Opening reception: Thursday 22 September, 3pm-6pm
David Richard Gallery presents Fourth Dimension, a solo exhibition by Dean Fleming (born 1933, Santa Monica, California) focused primarily on seminal paintings from 1965 that evoked myriad changes in not only the artist’s approach to painting, including the scale, compositions, and pallets, but also where he produced and exhibited these works in the late 1960s and throughout his career.
This is the first presentation of these important paintings in over fifty years, all sourced from the artist’s studio. Artworks from the prior year, 1964, are presented as a reference and contrast to emphasize the aesthetic and conceptual shift in Fleming’s studio practice by 1965.
The transformative change in Fleming’s aesthetic during 1964 and 1965 is best characterized as a move from rigorously geometric tessellations and colorful patterning to more reductive, hard edge compositions with minimal palettes and extreme vector angles rooted in both formal and conceptual concerns noted below.
The current presentation, Fourth Dimension, includes ten canvases from 1965: five large (mostly 70 x 90 and 65 x 100 inches in horizontal orientations) and five smaller (32 x 32 inches square) as well as six representative artworks from 1964: two paintings on canvas (82 x 82 and 44 x 44 inches installed on the diagonal as diamond shapes) and smaller gouache paintings on paper (roughly 4.5 inches square to 4 x 6 inches) as a comparison and contrast between each year.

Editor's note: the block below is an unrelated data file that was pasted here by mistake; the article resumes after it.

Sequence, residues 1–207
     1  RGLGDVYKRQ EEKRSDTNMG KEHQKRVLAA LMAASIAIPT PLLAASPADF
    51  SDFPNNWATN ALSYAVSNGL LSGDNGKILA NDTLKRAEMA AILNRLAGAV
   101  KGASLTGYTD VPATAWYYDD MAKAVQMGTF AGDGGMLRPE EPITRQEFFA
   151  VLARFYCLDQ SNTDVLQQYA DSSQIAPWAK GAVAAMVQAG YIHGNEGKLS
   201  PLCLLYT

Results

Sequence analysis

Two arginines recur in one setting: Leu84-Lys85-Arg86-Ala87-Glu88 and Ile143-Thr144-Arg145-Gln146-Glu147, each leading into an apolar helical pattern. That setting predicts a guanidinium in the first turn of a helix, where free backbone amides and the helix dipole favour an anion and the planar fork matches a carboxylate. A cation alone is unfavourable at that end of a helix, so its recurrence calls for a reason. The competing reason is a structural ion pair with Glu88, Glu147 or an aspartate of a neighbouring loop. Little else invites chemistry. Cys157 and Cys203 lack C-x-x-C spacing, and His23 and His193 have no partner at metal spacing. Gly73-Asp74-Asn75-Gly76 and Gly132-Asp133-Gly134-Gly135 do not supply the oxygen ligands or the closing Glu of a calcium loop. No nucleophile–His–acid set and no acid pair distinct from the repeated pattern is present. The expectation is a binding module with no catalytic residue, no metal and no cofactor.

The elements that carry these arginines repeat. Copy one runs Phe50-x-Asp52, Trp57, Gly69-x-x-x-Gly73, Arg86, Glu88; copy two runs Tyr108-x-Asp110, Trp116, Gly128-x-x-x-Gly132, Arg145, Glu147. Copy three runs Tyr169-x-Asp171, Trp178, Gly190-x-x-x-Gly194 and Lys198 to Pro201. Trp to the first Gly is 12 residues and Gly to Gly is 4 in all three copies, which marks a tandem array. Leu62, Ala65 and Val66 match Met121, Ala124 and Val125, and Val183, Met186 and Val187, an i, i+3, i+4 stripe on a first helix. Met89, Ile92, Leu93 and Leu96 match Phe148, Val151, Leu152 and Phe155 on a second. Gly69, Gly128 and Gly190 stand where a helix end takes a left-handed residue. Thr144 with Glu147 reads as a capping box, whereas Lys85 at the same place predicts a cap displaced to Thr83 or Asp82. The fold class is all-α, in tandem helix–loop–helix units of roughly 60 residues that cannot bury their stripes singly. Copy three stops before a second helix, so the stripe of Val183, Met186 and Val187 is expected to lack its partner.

The paintings from 1965 were originally presented in New York at Park Place Gallery in lower Manhattan in a two-person show with Dean Fleming and Tony Magar that inaugurated the new location on West Broadway. Fleming’s very large painting, 2 V Dwan 2, 1965-66, an orange, blue, black, and white acrylic painting comprised of three canvases, each 99 x 66 inches with overall dimensions of 66 x 297 inches, was presented in the exhibition Systemic Painting, organized by Lawrence Alloway at the Solomon R. Guggenheim Museum in New York in 1966 and published in the corresponding catalog. The painting was named for Virginia Dwan, an early enthusiast, patron and supporter of Fleming and other founding members of the Park Place Gallery. That same painting was then exhibited in 1967 at the Friends of Contemporary Art in Denver, Colorado and purchased by a Denver collector. The painting is now in the collection of the Fort Wayne Museum of Art in Fort Wayne, Indiana.